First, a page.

“I remember having one moment when some really good friends turned their back on me in a really nasty way,” Grylls says. “And I remember praying a simple prayer up a tree one evening and saying, ‘God, if you’re like I knew you as a kid, would you be that friend again?’ And it was no more complicated than that. And actually the amazing thing is that all God asks is that we sort of open the door and He’ll do the rest. So often we kinda hide behind our yearning for love and acceptance with loads of complicated theological questions, and actually once that’s stripped away what we really are is just somebody who wants to have that relationship with your Father.”
Grylls says there was something comforting about realizing Jesus wasn’t all about religion—that Jesus was, in fact, “the least religious person you’ll meet.”“Jesus never said, ‘I’ve come so you can feel smart and proper and smiley and religious,’” Grylls says. “[Faith] is about finding life and joy and peace. I am not at church a lot because I’m away a lot, so I kind of cling to the simple things, like, ‘I can do all things through Christ who strengthens me’ and ‘I’m holding you by your right hand.’ The simple things is what I try to keep my faith like. Jesus is unchanging and we are forgiven.”
Of course, trying to recapture a childlike faith doesn’t mean simply ignoring all those hard adult questions about God and faith and life. Grylls is an avid supporter of the Alpha Course, a 10-week class meant to give spiritual seekers an opportunity to explore the meaning of life and ask questions about God. “I have seen Alpha touch so many people’s lives,” Grylls says. “I have seen many people find a simple faith through it and I want to encourage it because it’s helped me a load.” Grylls says it’s with Alpha he has brought up some of those lingering questions about God: Do you exist? And if you do exist, are you nice? Do you really care, or are you this big religious person who just wants us to have a nightmare life?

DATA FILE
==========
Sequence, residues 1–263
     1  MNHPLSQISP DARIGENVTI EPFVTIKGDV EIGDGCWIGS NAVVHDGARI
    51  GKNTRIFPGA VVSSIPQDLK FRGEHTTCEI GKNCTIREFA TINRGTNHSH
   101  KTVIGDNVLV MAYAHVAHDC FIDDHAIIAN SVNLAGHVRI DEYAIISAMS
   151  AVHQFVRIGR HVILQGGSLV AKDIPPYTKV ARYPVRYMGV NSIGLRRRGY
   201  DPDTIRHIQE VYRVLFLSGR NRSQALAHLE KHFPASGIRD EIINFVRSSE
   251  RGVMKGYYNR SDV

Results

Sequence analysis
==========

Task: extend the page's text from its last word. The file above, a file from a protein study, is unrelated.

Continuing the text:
“Sometimes it’s hard for us to believe, really believe, that God cares and wants good things for us and doesn’t just want us to go off and give everything up and become missionaries in Burundi,” Grylls says. “And some people are just scared, and they go, ‘Oh, God just wants me to be religious,’ but actually He just loves us. He just wants us to be with Him, and that’s been a journey to discover that. That’s one of the big questions I asked, was that, you know: ‘If you do exist, are you cozy? Are you what my heart really aches for?’”
For Grylls, there was something about that simplicity—that purity of faith as a child that he longed to return to. “Christianity is not about religion,” Grylls says. “It’s about faith, about being held, about being forgiven. It’s about finding joy and finding home. We all want that, but nobody wants religion. Why do people turn away from faith? They’re not, they’re turning away from religion most of the time. I’ve yet to meet anyone who doesn’t want to be forgiven or held or find peace or joy in their life. We try loads of other stuff—we think booze or foxy women or whatever will fill it—but it doesn’t fill the hole.”